Evidence-Based Guidelines for Precision Risk Stratification-Based Screening (PRSBS) for Colorectal Cancer: Lessons Learned from the US Armed Forces: Consensus and Future Directions

2. Department of Surgery, Uniformed Services University of the Health Sciences, Bethesda, MD
Journal of Cancer (Impact Factor: 3.27). 03/2013; 4(3):172-92. DOI: 10.7150/jca.5834
Source: PubMed


Colorectal cancer (CRC) is the third most common cause of cancer-related death in the United States (U.S.), with estimates of 143,460 new cases and 51,690 deaths for the year 2012. Numerous organizations have published guidelines for CRC screening; however, these numerical estimates of incidence and disease-specific mortality have remained stable from years prior. Technological, genetic profiling, molecular and surgical advances in our modern era should allow us to improve risk stratification of patients with CRC and identify those who may benefit from preventive measures, early aggressive treatment, alternative treatment strategies, and/or frequent surveillance for the early detection of disease recurrence. To better negotiate future economic constraints and enhance patient outcomes, ultimately, we propose to apply the principals of personalized and precise cancer care to risk-stratify patients for CRC screening (Precision Risk Stratification-Based Screening, PRSBS). We believe that genetic, molecular, ethnic and socioeconomic disparities impact oncological outcomes in general, those related to CRC, in particular. This document highlights evidence-based screening recommendations and risk stratification methods in response to our CRC working group private-public consensus meeting held in March 2012. Our aim was to address how we could improve CRC risk stratification-based screening, and to provide a vision for the future to achieving superior survival rates for patients diagnosed with CRC.

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Available from: Björn L.D.M. Brücher,
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    • "In fact, 10%-20% of patients with Stage II colorectal cancer (theoretically cured by a proper oncological operation), and 30%-40% of those with Stage III colorectal cancer, develop recurrence.16 Where the “blame” lies in this is controversial; however, factors such as inadequate surgical margins or lymph node extraction, insufficient pathological examination (i.e., under-staging), and tumor biology have all been reported to play a role in recurrent disease.17 In the realm of colorectal cancer, microarray technology has been used to investigate gene expression profiles, yet no established signature has been found that is reliably useful for clinical practice. "
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    ABSTRACT: The disproportionately higher incidence of and mortality from colorectal cancer (CRC) among African Americans (AA) led the American College of Gastroenterology to recommend screening starting at age 45 in 2005. The purpose of this study was to determine the prevalence of colorectal neoplasia among 40-49-year-old inner city AA and Hispanic Americans (HA). We reviewed the medical records of 2,435 inner city AA and HA who underwent colonoscopy regardless of indication and compared the prevalence of colorectal neoplasia between AA and HA patients. We used logistic regression models to calculate odds ratios (OR) and 95 % confidence intervals (CI). There were 2,163 AAs and 272 HA. There were 57 % women in both groups. A total of 158 (7 %) AA and 9 (3 %) HA (P = 0.014) underwent the procedures for CRC screening. When compared to HAs, AAs had higher prevalence of any polyp (35 vs. 18 %, OR = 2.53; 95 % CI 1.82-3.52). Overall, AA had higher prevalence of colorectal neoplasia (adenoma and cancer) when compared to HAs (16 vs. 10 %; OR = 1.68; 95 % CI 1.10-2.56). We observed a higher frequency of colorectal neoplasia among 40-49-year-old AAs as compared to HAs suggesting an increased susceptibility to CRC risk in this population.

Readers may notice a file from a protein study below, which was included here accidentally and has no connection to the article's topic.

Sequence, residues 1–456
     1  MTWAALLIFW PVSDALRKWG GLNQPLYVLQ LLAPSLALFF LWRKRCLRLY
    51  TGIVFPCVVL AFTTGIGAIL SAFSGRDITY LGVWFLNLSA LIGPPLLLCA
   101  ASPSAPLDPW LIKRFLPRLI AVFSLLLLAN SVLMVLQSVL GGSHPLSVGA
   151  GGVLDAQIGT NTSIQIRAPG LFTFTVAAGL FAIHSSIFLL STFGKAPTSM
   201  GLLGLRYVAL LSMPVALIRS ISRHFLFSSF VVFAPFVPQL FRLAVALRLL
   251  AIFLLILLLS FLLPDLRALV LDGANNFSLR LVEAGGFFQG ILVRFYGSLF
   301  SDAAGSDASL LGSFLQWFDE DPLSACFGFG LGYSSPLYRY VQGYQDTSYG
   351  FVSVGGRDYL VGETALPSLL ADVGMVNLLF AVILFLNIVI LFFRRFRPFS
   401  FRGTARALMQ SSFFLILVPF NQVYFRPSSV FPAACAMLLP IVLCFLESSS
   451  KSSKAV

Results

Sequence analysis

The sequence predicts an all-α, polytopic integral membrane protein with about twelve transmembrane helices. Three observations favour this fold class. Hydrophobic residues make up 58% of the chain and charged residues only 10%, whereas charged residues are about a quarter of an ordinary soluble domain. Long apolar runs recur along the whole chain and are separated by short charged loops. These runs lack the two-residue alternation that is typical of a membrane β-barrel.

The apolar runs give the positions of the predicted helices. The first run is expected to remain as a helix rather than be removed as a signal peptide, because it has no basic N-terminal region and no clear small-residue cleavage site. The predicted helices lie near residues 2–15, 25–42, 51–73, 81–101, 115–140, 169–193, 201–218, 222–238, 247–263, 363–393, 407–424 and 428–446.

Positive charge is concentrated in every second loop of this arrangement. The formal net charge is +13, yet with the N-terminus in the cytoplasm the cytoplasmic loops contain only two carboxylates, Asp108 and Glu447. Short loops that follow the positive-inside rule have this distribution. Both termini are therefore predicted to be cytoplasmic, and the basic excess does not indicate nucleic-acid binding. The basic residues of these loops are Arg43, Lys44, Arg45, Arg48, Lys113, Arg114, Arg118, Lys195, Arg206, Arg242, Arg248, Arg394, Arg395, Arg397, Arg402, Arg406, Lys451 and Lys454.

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    ABSTRACT: Background A federally funded demonstration project (Project SCOPE) was conducted to develop a model for delivering screening colonoscopy to underinsured patients in Suffolk County, NY. The recruitment model featured collaboration between Stony Brook University Medical Center and the Suffolk County Department of Health Services’ network of community health centers; bilingual patient navigators, and reimbursement of physicians and the hospital at Medicare rates. Methods We conducted a retrospective analysis of all (11,752) colonoscopies performed at Stony Brook Medicine, during the pre-SCOPE time period (2003–2004), during SCOPE period (2007–2008), and post-SCOPE (2010–2011), to measure the impact of SCOPE on reducing racial and ethnic disparities. Multiple logistic regression models were used to compare the likelihood of a patient being Hispanic or African American after adjusting for potential covariates. Results The numbers of Hispanics undergoing colonoscopies were 146 (4.3 %), 506 (12.3 %), and 262 (6 %) during the pre-SCOPE, SCOPE, and post-SCOPE time periods. The numbers of African Americans were 166 (5.1 %), 298 (7.2 %), and 255 (5.8 %). The odds ratio (OR = 1.4, 95 % CI = 1.06–1.83, p = 0.014) of a screening colonoscopy patient being Hispanic during the Project SCOPE period compared to the post-SCOPE period remained significant after taking into consideration the other covariates, such as diabetes, smoking, and insurance status. Conclusions Project SCOPE had a significant impact on increasing the proportion of Hispanics undergoing screening colonoscopies. Factors such as bilingual patient navigators, in addition to removing financial barriers, may have contributed to the increase.
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